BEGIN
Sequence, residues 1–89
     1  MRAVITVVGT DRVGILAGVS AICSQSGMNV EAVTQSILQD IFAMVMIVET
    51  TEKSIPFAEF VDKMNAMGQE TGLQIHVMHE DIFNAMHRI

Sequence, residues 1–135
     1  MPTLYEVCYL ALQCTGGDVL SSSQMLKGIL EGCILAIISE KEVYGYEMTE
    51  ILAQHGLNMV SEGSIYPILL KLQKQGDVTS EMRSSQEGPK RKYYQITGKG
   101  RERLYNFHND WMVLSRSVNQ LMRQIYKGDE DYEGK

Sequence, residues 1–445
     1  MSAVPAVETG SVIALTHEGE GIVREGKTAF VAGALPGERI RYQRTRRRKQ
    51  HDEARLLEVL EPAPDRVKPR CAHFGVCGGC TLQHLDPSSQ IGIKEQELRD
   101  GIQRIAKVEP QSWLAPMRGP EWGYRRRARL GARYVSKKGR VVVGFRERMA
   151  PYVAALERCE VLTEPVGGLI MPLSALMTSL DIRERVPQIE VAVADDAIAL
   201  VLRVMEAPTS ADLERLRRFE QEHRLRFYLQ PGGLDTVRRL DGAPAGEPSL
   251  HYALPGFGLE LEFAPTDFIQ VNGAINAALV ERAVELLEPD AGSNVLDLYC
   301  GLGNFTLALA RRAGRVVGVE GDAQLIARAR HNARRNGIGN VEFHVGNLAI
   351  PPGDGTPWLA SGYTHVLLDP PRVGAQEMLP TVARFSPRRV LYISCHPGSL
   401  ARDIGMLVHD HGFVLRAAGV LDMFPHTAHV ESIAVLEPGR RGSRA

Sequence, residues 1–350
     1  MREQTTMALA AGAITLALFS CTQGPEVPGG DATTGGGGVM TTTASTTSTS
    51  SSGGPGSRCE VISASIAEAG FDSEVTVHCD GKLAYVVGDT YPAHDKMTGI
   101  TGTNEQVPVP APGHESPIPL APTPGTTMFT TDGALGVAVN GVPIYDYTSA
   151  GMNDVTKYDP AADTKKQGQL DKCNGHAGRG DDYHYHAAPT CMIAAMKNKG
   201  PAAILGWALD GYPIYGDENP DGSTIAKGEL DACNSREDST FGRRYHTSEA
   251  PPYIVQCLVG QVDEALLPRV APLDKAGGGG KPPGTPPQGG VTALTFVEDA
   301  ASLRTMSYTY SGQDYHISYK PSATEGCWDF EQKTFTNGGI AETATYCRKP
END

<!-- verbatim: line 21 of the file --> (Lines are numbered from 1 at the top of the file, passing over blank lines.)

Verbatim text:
   101  TGTNEQVPVP APGHESPIPL APTPGTTMFT TDGALGVAVN GVPIYDYTSA